psychotherapy, spirituality, practice, evidence, religion


Various approaches for incorporating spirituality into psychotherapy have been devel- oped, but few have been submitted to empirical scrutiny. The present article reports the results of a practice-based evidence (PBE) study, and demonstrates the value of PBE as a research strategy for the empirical evaluation of spiritually oriented psychothera- pies (SOPs). This approach involves examining the effectiveness of SOPs in routine settings, providing more externally valid results than randomized controlled trials. Outcome and process data for 304 clients at a private, religious, university counseling center were examined using a PBE methodology. Clinicians integrated a wide variety of spiritual interventions with various secular treatments. The therapist, low initial spiritual distress, and client desire to discuss spirituality in session predicted the frequency with which spiritual interventions were used. The results of multiple hier- archical linear models suggested that clients improved substantially in multiple do- mains of functioning. The frequency of use of spiritual interventions was not a significant predictor of differential growth trajectories for clients. This study provides an example of how PBE can be used to explore and evaluate the effectiveness of the types of spiritual interventions practitioners employ in their practices.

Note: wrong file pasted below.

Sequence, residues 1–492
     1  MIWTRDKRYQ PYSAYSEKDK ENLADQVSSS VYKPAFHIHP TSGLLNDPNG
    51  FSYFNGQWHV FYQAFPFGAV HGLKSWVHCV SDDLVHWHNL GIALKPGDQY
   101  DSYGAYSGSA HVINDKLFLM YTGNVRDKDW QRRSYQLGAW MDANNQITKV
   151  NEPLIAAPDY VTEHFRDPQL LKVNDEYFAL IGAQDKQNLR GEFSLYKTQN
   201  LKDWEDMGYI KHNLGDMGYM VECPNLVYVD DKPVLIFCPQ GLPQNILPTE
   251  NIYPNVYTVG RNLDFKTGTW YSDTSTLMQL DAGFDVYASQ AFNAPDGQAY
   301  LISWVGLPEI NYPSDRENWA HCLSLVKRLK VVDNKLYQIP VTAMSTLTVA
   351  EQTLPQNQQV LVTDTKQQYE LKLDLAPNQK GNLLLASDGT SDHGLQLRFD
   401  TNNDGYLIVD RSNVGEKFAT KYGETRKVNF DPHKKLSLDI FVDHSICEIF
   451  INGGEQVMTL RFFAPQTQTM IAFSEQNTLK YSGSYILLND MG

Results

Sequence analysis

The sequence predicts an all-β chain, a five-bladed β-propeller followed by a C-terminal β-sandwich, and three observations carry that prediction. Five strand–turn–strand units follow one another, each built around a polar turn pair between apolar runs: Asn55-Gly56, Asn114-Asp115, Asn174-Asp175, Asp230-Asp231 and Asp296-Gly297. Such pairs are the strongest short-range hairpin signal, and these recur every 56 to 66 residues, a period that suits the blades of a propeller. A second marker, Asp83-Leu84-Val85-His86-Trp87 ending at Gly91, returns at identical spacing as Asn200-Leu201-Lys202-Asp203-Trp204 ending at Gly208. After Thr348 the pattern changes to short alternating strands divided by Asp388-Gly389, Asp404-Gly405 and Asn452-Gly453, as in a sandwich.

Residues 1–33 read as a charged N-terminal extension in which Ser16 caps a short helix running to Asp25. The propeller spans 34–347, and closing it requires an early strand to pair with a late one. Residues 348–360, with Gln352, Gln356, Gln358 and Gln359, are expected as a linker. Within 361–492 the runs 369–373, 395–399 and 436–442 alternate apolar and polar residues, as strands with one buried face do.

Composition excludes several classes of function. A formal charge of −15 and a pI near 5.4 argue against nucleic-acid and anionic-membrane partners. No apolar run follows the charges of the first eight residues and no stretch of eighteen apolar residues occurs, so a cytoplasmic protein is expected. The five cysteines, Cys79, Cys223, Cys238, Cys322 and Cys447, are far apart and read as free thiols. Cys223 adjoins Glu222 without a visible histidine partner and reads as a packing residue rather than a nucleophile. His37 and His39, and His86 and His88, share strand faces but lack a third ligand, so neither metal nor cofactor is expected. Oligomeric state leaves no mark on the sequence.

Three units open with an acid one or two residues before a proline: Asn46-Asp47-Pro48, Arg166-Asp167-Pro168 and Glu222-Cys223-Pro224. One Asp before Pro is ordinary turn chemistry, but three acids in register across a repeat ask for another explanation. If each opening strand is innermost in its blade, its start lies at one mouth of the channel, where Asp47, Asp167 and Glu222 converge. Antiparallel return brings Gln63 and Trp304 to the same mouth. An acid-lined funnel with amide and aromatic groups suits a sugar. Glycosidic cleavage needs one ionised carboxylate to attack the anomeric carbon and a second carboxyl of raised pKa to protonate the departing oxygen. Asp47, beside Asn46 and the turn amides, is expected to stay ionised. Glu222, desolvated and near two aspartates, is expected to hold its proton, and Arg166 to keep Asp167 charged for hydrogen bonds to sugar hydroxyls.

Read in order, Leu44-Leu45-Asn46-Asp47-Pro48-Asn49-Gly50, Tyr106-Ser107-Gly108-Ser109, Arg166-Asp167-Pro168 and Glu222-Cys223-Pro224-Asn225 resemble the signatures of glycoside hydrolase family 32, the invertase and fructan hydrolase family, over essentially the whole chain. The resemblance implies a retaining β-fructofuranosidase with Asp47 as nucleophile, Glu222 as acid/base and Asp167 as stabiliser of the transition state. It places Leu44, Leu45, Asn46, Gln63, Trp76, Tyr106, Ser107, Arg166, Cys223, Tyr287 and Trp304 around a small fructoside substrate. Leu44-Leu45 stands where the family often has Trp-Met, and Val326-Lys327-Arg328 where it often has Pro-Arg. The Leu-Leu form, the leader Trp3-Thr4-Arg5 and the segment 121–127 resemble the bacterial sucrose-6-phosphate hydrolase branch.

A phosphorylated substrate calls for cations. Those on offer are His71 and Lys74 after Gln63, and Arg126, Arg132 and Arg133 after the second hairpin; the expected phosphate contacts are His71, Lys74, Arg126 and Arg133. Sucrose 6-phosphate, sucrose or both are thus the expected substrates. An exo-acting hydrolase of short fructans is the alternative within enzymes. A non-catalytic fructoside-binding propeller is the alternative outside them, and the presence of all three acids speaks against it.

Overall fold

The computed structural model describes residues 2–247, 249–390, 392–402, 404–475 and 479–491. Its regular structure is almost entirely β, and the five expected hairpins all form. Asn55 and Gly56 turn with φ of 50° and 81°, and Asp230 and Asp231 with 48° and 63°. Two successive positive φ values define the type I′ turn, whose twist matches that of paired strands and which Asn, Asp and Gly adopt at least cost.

Original Publication Citation

Sanders, P. W., Richards, P. S., McBride, J. A., Lea, T., Hardman, R. K., Barnes, D. V. (2015). Processes and outcomes of theistic spiritually oriented psychotherapy: A practice-based evidence investigation. Spirituality in Clinical Practice, 2 (3), 180-190.

Document Type

Peer-Reviewed Article

Publication Date


Permanent URL


Spirituality in Clinical Practice




David O. McKay School of Education


Counseling Psychology and Special Education

University Standing at Time of Publication

Full Professor